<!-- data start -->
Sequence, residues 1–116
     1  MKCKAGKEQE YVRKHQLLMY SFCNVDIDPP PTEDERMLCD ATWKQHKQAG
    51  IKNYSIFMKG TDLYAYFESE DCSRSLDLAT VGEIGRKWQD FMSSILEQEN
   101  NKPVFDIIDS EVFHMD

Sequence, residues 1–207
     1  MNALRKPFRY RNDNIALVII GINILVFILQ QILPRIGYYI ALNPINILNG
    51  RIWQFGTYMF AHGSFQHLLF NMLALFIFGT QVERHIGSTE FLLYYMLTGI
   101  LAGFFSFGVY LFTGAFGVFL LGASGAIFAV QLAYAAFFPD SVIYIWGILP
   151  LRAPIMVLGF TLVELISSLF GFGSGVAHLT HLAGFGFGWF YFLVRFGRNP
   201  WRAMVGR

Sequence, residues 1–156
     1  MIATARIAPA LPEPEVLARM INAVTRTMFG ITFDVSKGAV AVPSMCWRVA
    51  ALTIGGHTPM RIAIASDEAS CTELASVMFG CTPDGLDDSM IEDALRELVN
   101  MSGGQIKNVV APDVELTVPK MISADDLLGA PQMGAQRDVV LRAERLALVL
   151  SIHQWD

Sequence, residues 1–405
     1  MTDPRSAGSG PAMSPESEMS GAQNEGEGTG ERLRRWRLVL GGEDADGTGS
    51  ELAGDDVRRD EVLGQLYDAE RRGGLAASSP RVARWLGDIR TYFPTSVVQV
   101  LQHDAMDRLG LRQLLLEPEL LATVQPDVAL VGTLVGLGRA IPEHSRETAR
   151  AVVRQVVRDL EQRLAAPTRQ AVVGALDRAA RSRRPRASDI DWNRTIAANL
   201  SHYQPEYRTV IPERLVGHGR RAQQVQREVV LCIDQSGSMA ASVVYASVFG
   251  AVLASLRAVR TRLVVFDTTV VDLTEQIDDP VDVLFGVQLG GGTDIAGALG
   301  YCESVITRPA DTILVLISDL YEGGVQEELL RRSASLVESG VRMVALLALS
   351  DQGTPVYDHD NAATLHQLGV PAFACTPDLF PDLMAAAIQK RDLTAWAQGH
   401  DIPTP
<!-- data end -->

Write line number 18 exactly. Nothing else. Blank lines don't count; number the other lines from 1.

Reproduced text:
    51  ELAGDDVRRD EVLGQLYDAE RRGGLAASSP RVARWLGDIR TYFPTSVVQV